Overthe years, the political environment of China has been characterizedby excessive government interference in business operations,ill-defined laws, weak law enforcement, and the lack of transparency(Economy, 2003, p. 1). Generally, China may be considered to berelatively stable in terms of politics, but the scarcity of resourcescauses occasional conflicts (such as the 2000 upheavals in Shandong)in the country (Economy, 2003, p. 1).


Chinais considered as one of the key economic powers that will continueplaying a critical role in the world trade. The expansion of themiddle class to 109 million citizens by the year 2015 coupled withannual GDP growth of above 6 % is among the key indicators of China’sstrong economic environment (Ciara, 2015, p. 1). The middle class hasprovided potential customers for both domestic and foreign investors.In addition, the formulation of laws that facilitate fair trade andentry into the WTO are some of the key indicators of China’s strongand fair economic environment.

Freetrade agreements

Theleadership of China believes that entering into free-trade agreementswill provide a new platform that will drive the nation’s domesticreforms. As a result, China has signed free trade agreements withseveral nations, including Pakistan, New Zealand, Chile, Peru,Singapore, Costa Rica, Korea, Australia, and Iceland among others(Ministry of Commerce, 2015, p. 1). These agreements have reducedtrade barriers that have in turn made it easy for investors frommember states to invest in China. However, investors from non-memberstates may not benefit from these agreements.


Currently,China is considered as one of the most polluted nations, a trend thatis characterized by the use of fossil fuels to drive the process ofindustrialization. China emits the highest volume (8,715 millionmetric tons) of greenhouse gases annually, which has resulted inwater, soil, and air pollution (Lallanilla, 2013, p. 1). The lenientenvironmental protection laws have contributed towards irresponsibledisposal of hazardous waste. The high death rate of about 3.5 millionpeople each year and the existence of about 450 cancer villages as aresult of pollution is a clear indication of the severity of theenvironmental pollution in the country (Lallanilla, 2013, p. 1).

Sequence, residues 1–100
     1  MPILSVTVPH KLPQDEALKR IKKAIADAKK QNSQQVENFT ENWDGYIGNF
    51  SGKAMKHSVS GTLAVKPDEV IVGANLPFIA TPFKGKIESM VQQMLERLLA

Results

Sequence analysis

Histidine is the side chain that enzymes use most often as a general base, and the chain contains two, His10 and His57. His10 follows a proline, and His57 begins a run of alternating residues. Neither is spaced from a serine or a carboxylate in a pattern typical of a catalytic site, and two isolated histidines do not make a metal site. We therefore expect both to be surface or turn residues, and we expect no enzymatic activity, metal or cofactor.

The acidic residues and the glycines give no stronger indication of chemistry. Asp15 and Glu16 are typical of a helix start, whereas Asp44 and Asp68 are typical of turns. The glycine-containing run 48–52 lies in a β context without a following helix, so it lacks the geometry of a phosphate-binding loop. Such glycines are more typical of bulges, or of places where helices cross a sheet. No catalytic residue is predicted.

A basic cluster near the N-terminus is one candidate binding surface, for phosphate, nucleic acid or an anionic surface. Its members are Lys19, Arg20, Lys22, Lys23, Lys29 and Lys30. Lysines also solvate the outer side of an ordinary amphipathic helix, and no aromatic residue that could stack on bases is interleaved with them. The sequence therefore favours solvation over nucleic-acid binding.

China’sGDP has been recording a significant growth for several years, butits business environment is still complicated for internationalentrepreneurs. Some of the factors that complicate China’s businessinclude the culture, biased law enforcement, excessive governmentregulation, and environmental pollution. However, the strong economicenvironments, entry into free trade agreements, and governmentinitiatives to make China’s business environment fair for bothinternal and local entrepreneurs. Although the internal entrepreneursface numerous challenges when entering the China’s businessenvironment, the government has demonstrated its willingness toaccommodate international as well as local entrepreneurs.

Listof references

Ciara,L., 2015. China’s middle class in snow bigger than American’smiddle class. MarketWatch.[Online]. Available at: &lt[Accessed 15 December 2015].

Economy,C. 2003. China’senvironmental challenge: Political, social and economic implications.New York, NY: Council on Foreign Relations.

Kermeliotis,T., 2011. Doing business in China: Five tips for success. CableNews Network.[Online] Available at: &lt[Accessed 15 December 2015].

Lallanilla,M. 2013. China’s top six environmental concerns. LiveScience.[Online]. Available at: &lt[Accessed 15 December 2015].

Long,G., 2014. China’spolicies on FDI: Review and evaluation.Beijing: Department of Foreign Economic Relations.

Ministryof Commerce, 2015. ChinaFTA network.Beijing: Ministry of Commerce.

TheState Council, 2015. China’sforeign trade.Washington, DC: Embassy of the People’s Republic of China.

Thornton,G., 2015. Ten business and financial risks to manage in China. GrantThornton UK LLP.[Online] Available at: &lt[Accessed 15 December 2015].

U.S.Department of States, 2014. Diplomacyin action.Washington, DC: U.S. Department of States.